Dear Friend of Clear Creek Abbey,

While news from the nation’s capital and around America—truly a nation divided— continues to be unsettling; as scandals and rumors of corruption within the Catholic Church unleash their confusion upon us week-by-week, we instinctively search for a sure point of reference, one that will provide our lives with stability and ensure our peace. Where on earth shall we find it?

When, a few years ago here at Clear Creek, it came time to devise a coatof-arms for the newly established abbey (this happened in 2010), someone wisely suggested we include a cross on our shield. As the most likely place for this cross turned out to be near the bottom tip of the crest, beneath the silver waves symbolizing Clear Creek (a stream that runs through our property), there came the idea to make of this cross an anchor cross— a representation of the Cross in the form of a ship’s anchor—a symbol that was used in Christian antiquity.

The anchor as a Christian symbol is rich in theological and spiritual significance. Many are the meditations one might compose upon this theme. A biblical passage that comes to mind is the Epistle to the Hebrews speaking of

the hope that is set before us: Which we have as an anchor of the soul, sure and firm, and which entereth in even within the veil; Where the forerunner Jesus is entered for us, made a high priest for ever according to the order of Melchisedech. (Hebrews 6:18-20)

So here it is, our anchor, our attachment, stretching beyond the veil of this world, beyond the vanishing point of earthly horizons—an anchor in the stars! This may seem a somewhat awkward metaphor, that of an anchor going upward rather than down into the depths of the sea, but there is a kind of supernatural wisdom in this way of speaking.

Like all Christians, we monks survive the assaults of doubt and discouragement that the flesh is heir to thanks to the theological virtue of hope. Our vows, moreover, oblige us to have an even greater detachment from earthly things than our fellow human beings, and we try never to forget that we have here below, as Saint Paul reminds us, “no lasting city, but we seek the city that is to come” (Hebrews 13:14). Far from us is the modernist viewpoint that all human endeavors should be anchored entirely in the “here and now.” Never must we fix our hearts and minds upon the visible realities upon this earth to the exclusion of what transcends human history and which constitutes the plan of God. On the contrary, as people of strong faith, we must see the “forest beyond the trees” and, better still, the stars towering above the forest.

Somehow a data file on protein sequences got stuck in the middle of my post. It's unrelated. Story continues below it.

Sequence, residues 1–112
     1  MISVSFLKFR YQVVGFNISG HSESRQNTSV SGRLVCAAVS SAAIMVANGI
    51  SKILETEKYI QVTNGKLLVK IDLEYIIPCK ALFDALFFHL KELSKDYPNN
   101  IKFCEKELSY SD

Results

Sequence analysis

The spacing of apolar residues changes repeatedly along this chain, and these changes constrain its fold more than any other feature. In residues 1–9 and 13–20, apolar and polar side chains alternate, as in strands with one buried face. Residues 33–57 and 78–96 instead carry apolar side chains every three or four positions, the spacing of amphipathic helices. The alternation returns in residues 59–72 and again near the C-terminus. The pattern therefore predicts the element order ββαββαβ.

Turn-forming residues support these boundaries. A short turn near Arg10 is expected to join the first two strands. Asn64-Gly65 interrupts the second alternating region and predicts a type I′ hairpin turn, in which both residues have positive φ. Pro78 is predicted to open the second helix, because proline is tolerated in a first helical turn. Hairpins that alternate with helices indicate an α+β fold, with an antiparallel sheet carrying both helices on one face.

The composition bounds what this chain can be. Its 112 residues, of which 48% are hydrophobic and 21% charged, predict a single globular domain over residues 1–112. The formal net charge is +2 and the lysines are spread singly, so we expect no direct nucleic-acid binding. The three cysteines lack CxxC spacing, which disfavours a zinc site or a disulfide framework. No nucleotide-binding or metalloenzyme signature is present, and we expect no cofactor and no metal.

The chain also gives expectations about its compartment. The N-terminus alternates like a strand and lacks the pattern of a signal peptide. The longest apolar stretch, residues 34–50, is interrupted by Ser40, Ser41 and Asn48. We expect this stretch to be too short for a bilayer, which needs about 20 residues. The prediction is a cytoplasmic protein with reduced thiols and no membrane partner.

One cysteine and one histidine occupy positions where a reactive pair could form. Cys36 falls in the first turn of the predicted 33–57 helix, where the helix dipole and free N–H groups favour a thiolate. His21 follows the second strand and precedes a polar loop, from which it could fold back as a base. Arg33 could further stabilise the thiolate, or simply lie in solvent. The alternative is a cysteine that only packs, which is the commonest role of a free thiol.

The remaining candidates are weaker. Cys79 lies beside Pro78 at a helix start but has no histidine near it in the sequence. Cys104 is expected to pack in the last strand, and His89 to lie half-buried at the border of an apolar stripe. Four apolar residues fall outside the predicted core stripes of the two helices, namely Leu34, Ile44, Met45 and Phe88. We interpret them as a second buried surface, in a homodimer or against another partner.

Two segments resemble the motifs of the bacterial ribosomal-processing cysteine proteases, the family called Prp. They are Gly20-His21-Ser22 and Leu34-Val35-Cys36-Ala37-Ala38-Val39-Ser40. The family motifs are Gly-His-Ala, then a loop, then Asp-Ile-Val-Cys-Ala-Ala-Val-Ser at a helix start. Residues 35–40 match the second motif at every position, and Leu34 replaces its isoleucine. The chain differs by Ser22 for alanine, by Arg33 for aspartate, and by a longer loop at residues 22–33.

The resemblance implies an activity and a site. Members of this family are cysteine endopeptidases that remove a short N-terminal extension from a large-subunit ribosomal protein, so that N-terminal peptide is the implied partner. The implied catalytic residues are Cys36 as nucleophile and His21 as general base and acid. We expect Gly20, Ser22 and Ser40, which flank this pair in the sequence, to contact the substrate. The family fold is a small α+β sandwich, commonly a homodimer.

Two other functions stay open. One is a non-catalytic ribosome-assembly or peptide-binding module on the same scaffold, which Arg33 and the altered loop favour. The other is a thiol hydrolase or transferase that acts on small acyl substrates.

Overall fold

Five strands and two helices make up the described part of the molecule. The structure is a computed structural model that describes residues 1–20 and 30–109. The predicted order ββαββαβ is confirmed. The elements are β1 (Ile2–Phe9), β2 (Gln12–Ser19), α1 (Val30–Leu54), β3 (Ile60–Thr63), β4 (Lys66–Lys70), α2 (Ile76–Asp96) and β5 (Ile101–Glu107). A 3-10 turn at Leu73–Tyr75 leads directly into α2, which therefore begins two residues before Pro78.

It is in such a perspective of ardent hope that the monk seeks to live each day, and he often succeeds despite his human weakness. Those too who live in proximity to the monastery and who likewise endeavor to anchor their lives in the sure hope promised by God in His crucified Son often encounter a precious help for their lives amid the dark perspectives of more secular matters. Such is the manner and mood of a community of families grouped around a Benedictine abbey.

But must we then give up all temporal hope of improving the society around us? Should we not even bother voting, for example? The answer to this question lies in the same direction as the above-mentioned supernatural solution, along the rope that ties us to our anchor in the stars. Those whose faith and hope are robust, precisely because they are firmly anchored in God, naturally strive to help those around them at every level. To the man dying of thirst the Christian offers the cup of water. To the young person confused by the chaotic voices of a society caught in a tailspin the anchored adult proffers the consoling drink of kind words that give hope, both for eternity and for the challenges of the here and now. Indeed, we still make our way to the Kingdom of God through the concrete realities of everyday life.

Too many Americans have lost their spiritual bearings. The confusion may come in terms of wavering religious convictions, with respect to the meaning of marriage, or in terms of the simplest of human realities, such as basic civility in public discourse. Not all have fallen into this social disorientation and disintegration, but we must help one another hold on for dear life to the sanity and sanctity of our Christian calling.

With your precious help we monks of Our Lady of Clear Creek Abbey intend to continue our pilgrim way along the lifeline leading to that anchor fixed in Heaven beyond the veil, and we hope to take you with us! Please be assured of our immense thanks for all you have done for us and continue to do for us in this great adventure of Faith and of monastic life. May our common Hope never fail whatever challenges assail us in the days to come.

br. Philip Anderson, abbot

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